Russian and Syrian forces paused their assault of the city in October amid international outrage over the casualties being inflicted on the several hundred thousand civilians still trapped there. Western leaders including French President Francois Hollande and British Foreign Secretary Boris Johnson have said Russia’s actions there may have been tantamount to war crimes.
“The Russians are rushing to create a fait accompli on the ground before Trump gets to the White House,” said Bassma Kodmani, a leader of the High Negotiations Council, a Syrian political group supported by countries including the U.S., Turkey and Saudi Arabia.
Russia and the Assad regime view the fall of Aleppo as “the final military solution,” but the fighting won’t end there, it will just morph into guerrilla warfare, Kodmani said by phone from Paris.
Assad’s military, backed by Russian firepower and Iranian-trained militias, has retaken about 60 percent of the terrain held by rebels in the eastern part of Aleppo in the past two weeks. They should regain control of the whole city within a month or two, according to Konstantin Kosachyov, who heads the international affairs committee in Russia’s upper house of parliament.
Another Russian senator, Ilyas Umakhanov, who has met with Assad in Damascus and recently returned from talks in Tehran, said gaining “a decisive military edge” in Syria now is the best way to achieve peace in the future.
“Then there will be more willingness for a peaceful settlement from the U.S. and regional powers,” Umakhanov said in an interview in Moscow.
Konstantin Malofeev, a businessman and Putin ally who has been involved in back-channel negotiations with Turkey, said there won’t be any political settlement that doesn’t cement Assad’s grip on power.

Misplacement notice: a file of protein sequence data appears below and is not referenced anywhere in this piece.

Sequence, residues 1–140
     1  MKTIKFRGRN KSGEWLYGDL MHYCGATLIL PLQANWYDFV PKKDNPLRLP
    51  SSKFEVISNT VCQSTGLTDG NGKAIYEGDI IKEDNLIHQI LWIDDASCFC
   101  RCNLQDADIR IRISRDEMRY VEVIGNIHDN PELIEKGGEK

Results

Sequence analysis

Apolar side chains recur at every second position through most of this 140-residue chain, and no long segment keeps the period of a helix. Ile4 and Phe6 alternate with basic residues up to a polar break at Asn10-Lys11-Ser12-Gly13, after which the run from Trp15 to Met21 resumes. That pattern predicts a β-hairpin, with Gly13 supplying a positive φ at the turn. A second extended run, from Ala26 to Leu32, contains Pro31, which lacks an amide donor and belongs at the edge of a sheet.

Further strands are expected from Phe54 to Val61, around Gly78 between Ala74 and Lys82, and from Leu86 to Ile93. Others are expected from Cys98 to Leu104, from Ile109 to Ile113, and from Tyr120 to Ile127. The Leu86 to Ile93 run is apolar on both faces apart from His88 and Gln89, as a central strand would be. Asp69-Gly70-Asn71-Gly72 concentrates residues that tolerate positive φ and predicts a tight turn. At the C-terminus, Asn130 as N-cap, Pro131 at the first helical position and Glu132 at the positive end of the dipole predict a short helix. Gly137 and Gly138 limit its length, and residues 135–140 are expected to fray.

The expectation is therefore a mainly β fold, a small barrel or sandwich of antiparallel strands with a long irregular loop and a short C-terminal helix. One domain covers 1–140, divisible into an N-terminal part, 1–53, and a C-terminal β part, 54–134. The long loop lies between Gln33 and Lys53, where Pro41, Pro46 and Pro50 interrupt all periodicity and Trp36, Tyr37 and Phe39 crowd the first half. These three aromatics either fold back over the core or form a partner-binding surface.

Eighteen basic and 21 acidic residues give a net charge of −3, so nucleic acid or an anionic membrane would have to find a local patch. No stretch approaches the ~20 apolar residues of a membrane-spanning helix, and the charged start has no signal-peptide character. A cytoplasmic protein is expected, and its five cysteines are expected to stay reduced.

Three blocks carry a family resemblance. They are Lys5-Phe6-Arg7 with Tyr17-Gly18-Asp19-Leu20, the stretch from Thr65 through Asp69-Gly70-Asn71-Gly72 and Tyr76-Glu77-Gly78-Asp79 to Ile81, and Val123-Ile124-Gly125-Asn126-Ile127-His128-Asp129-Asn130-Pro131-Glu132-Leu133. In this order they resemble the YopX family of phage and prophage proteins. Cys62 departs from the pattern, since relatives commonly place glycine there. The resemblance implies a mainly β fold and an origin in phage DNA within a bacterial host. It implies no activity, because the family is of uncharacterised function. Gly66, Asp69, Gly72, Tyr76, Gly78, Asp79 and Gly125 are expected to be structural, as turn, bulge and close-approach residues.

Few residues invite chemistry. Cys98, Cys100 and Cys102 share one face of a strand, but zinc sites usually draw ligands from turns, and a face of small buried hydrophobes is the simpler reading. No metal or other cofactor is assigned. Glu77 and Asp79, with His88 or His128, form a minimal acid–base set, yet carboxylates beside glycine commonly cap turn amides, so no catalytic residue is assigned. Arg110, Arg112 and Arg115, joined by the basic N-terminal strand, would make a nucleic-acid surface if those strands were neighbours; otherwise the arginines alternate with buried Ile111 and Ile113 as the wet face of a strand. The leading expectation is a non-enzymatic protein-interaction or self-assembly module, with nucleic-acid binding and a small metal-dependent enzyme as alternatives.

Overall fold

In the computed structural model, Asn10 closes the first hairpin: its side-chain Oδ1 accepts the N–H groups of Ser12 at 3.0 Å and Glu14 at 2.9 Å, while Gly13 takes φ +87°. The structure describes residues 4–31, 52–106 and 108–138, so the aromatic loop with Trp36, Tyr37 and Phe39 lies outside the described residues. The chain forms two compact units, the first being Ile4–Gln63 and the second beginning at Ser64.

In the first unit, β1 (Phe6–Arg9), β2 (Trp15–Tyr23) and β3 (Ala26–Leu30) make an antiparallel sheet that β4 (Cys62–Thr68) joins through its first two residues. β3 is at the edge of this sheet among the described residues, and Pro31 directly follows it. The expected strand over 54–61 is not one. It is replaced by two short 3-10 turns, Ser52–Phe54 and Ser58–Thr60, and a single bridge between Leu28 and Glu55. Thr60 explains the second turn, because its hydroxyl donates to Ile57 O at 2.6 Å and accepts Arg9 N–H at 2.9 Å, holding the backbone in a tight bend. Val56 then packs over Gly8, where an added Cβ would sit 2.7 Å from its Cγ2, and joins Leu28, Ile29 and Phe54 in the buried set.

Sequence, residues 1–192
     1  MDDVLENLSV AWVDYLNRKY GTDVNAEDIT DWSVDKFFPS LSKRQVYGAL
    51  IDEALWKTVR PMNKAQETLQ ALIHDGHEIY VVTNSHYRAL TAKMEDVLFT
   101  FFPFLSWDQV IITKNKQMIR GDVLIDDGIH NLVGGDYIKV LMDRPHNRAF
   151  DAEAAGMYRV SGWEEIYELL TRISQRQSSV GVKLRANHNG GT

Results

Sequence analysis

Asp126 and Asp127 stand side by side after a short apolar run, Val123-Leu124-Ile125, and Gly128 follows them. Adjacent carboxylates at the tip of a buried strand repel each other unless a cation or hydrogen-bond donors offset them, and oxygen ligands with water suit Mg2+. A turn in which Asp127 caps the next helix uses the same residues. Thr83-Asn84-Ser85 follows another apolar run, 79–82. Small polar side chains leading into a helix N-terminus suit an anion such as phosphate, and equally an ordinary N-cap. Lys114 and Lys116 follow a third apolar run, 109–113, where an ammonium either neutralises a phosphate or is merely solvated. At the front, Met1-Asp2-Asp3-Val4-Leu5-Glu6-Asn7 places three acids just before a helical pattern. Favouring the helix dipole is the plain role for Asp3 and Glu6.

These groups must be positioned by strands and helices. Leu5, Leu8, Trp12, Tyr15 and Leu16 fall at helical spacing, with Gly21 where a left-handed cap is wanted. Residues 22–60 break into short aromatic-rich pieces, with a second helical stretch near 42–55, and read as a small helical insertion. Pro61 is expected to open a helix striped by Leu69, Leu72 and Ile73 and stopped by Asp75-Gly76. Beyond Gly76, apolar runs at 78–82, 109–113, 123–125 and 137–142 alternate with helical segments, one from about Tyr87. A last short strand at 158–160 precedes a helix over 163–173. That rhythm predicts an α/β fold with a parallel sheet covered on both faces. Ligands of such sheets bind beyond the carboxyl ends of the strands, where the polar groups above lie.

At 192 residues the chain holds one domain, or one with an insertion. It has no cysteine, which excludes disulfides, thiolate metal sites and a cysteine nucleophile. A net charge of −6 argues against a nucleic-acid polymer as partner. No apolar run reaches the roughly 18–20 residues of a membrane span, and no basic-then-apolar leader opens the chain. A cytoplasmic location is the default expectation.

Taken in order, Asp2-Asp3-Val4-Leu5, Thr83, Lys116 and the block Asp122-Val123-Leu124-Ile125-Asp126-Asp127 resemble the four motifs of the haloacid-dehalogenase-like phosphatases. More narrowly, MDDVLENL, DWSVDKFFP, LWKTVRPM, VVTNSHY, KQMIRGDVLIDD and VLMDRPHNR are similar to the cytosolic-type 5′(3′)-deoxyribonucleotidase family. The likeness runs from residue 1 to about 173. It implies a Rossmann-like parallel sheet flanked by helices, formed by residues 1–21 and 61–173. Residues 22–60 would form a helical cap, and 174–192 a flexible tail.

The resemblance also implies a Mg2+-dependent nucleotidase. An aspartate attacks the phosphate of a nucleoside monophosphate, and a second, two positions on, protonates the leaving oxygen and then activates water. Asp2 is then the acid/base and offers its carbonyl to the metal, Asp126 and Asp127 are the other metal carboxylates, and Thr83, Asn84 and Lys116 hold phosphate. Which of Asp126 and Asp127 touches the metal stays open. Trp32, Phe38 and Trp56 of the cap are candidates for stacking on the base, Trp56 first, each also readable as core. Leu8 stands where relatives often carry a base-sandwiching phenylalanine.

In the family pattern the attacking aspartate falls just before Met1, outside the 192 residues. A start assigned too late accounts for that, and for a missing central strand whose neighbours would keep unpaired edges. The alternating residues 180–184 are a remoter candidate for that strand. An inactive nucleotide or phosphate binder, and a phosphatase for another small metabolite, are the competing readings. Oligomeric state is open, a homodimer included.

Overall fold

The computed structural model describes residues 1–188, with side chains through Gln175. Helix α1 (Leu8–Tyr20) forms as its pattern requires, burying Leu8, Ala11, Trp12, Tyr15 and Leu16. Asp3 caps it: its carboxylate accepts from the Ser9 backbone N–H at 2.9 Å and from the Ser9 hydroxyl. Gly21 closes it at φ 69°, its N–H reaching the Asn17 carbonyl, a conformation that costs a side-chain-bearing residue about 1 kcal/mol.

Putin’s Syria game is intricate, involving not only Turkey, where President Tayyip Erdogan is still reeling from July’s failed military coup, but also Saudi Arabia and Iran, bitter enemies who are backing competing factions. Still, Putin continues to find ways to strengthen Russia’s hand in the region.
President Abdel-Fattah el-Sissi of Egypt, the most populous Arab country, ended years of fence-sitting on the war last month in declaring his support for Assad’s forces. That position puts him at odds with Saudi Arabia, a major benefactor of Egypt, but aligns him with other Arab states such as Algeria, Iraq, Lebanon and Tunisia.
“For the first time since the beginning of the anti-Assad rebellion in 2011, a series of geopolitical, military and political shifts are favoring the regime and its ability to emerge victorious,” Ayham Kamel, director of Middle East and Africa analysis at New York-based Eurasia Group, said in a research note.
Syria is just part of Putin’s goal in the Middle East, which is to regain the clout the Kremlin had before the Soviet Union collapsed a quarter century ago.
Last week, for example, Putin played a key role in persuading the Saudis and Iranians to set aside their differences and agree on OPEC’s first cut in oil output in eight years. And in Libya, he’s been forging ties with a powerful military leader, General Khalifa Haftar, who is seeking Russia’s help in fighting Islamic militants.
Robert Ford, a former U.S. ambassador to Syria who is now a fellow at the Middle East Institute in Washington, said Russia is now “a factor” in Iraq, too, mainly due to the counterterrorism center Putin established in Baghdad last year to share intelligence with Iranians and Iraqis.
“For 20 years, people basically ignored Russia on the Middle East,” Ford said. “The Russian role in the region now will certainly increase.”